I guess the motivation behind the architect's desire to wrap the wrapper (i.e. SLF4J), is to isolate your application from SLF4J. Clearly, invoking the SLF4J API from within your application creates a dependency on SLF4J. However, it is equally legitimate to want to apply the isolation principle repeatedly as discussed below. It reminds me of Richard Dawkins' question: If God created the universe, then who created God?
Indeed, you could also apply the isolation principle on the wrapper that wraps SLF4J. The cause of isolation would be ill served if the SLF4J-wrapper was somehow inferior to SLF4J. Although possible, it is rather rare for a wrapper to equal or surpass the original. SWT can be cited as a noteworthy counter-example. However, SWT is a sizable project with a significant cost. More to the point, an SLF4J-wrapper by definition depends on SLF4J. It is bound to have the same general API. If in the future a new and significantly different logging API comes along, code that uses the wrapper will be equally difficult to migrate to the new API as code that used SLF4J directly. Thus, the wrapper is not likely to future-proof your code, but to make it heavier by adding an additional indirection.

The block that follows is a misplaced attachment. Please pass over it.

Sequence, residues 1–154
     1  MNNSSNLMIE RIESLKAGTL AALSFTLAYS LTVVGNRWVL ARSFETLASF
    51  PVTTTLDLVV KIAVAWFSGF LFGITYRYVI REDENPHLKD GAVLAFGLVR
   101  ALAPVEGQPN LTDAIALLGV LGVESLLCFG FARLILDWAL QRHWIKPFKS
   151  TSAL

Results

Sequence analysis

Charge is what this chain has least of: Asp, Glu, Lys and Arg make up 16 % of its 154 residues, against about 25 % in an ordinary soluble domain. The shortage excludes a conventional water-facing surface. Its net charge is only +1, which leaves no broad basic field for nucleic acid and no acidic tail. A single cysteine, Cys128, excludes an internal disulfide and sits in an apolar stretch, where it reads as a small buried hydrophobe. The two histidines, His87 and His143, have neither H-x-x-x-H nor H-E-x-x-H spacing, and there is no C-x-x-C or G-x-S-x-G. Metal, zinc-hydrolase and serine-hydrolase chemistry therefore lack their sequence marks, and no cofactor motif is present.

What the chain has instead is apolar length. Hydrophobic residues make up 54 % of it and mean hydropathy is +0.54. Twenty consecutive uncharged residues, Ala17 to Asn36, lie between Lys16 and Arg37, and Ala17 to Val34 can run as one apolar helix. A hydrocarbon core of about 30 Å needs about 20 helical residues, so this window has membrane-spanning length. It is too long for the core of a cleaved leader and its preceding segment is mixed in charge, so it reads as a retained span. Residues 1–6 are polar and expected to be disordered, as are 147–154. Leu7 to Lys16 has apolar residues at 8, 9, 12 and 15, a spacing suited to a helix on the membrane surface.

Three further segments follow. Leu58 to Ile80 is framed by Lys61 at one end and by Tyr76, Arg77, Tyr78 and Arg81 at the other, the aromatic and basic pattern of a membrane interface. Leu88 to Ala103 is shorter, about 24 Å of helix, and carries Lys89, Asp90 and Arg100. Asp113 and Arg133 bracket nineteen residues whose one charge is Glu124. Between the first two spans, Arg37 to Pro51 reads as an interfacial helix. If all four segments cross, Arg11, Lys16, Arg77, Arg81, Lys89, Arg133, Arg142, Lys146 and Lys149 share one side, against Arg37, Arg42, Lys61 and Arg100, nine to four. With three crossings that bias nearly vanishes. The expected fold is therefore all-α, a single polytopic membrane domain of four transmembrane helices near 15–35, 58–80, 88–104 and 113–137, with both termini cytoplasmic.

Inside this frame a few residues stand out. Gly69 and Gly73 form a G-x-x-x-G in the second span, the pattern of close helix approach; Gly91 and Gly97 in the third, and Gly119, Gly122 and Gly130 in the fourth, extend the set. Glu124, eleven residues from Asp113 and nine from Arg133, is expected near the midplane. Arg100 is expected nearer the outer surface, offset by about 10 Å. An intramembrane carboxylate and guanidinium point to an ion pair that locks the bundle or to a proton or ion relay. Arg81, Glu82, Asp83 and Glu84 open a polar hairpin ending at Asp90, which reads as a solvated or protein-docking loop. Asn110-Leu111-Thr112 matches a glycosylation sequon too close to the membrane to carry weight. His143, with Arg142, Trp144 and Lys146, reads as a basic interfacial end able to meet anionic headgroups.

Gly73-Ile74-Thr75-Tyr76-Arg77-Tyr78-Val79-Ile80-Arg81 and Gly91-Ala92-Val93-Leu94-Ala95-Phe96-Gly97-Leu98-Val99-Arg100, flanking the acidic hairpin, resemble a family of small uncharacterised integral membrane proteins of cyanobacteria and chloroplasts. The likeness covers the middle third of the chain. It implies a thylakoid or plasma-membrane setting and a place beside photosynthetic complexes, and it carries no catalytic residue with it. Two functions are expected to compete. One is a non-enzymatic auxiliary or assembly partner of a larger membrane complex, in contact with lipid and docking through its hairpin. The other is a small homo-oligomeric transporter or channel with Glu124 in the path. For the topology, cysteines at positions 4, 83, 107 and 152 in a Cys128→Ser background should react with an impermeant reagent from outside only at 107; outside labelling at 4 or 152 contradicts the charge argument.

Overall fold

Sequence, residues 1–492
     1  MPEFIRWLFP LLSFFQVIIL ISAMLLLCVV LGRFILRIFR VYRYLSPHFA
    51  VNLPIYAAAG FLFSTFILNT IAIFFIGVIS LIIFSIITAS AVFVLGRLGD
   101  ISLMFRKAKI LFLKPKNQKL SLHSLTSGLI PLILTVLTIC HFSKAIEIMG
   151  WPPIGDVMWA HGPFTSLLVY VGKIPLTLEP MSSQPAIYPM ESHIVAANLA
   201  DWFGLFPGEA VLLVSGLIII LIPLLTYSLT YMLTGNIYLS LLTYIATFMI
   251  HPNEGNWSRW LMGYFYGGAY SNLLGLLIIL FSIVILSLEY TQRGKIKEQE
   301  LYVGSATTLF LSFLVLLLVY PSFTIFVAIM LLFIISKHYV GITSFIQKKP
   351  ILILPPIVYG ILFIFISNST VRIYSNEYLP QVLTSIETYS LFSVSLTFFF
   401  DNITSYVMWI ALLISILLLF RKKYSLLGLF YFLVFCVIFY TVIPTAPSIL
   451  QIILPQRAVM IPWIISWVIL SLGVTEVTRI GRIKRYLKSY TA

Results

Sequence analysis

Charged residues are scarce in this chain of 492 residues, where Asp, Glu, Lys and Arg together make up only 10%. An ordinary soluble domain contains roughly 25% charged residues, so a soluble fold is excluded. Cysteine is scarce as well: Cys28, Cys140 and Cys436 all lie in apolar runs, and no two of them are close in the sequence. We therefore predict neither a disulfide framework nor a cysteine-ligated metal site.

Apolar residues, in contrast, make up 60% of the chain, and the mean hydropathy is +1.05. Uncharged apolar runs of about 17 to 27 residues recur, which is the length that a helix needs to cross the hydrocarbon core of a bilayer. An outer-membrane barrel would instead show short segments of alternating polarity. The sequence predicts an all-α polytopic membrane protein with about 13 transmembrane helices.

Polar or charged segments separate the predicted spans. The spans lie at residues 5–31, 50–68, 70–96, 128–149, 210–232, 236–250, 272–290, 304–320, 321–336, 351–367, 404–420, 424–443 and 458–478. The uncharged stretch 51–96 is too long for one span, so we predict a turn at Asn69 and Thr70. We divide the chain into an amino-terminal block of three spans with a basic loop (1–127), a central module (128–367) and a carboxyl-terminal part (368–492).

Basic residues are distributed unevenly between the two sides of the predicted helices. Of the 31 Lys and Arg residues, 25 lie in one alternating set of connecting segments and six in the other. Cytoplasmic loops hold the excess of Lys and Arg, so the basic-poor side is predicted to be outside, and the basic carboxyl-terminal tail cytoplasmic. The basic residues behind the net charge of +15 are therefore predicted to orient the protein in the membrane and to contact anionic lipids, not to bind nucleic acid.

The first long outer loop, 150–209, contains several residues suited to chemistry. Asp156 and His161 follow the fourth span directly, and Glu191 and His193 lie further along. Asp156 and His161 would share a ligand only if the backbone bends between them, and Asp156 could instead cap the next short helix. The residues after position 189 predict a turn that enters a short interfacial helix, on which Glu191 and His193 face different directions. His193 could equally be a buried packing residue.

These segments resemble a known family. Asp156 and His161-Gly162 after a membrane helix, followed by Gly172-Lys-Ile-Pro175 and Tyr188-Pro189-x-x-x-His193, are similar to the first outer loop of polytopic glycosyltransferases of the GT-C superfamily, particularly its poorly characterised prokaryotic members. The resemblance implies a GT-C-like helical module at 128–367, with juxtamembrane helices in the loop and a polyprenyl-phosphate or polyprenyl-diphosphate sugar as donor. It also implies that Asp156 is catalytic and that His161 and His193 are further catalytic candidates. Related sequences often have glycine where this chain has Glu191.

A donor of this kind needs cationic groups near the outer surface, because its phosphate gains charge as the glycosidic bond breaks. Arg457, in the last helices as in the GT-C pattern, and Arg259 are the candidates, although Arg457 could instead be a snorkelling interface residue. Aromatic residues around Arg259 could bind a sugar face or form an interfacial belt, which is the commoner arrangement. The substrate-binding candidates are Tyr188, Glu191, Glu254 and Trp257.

In short, even if you didn't have anything better to do, you shouldn't waste your time wrapping SLF4J because the added value of your wrapper is guaranteed to be near zero.
The topic is also broached in an SLF4J FAQ entry.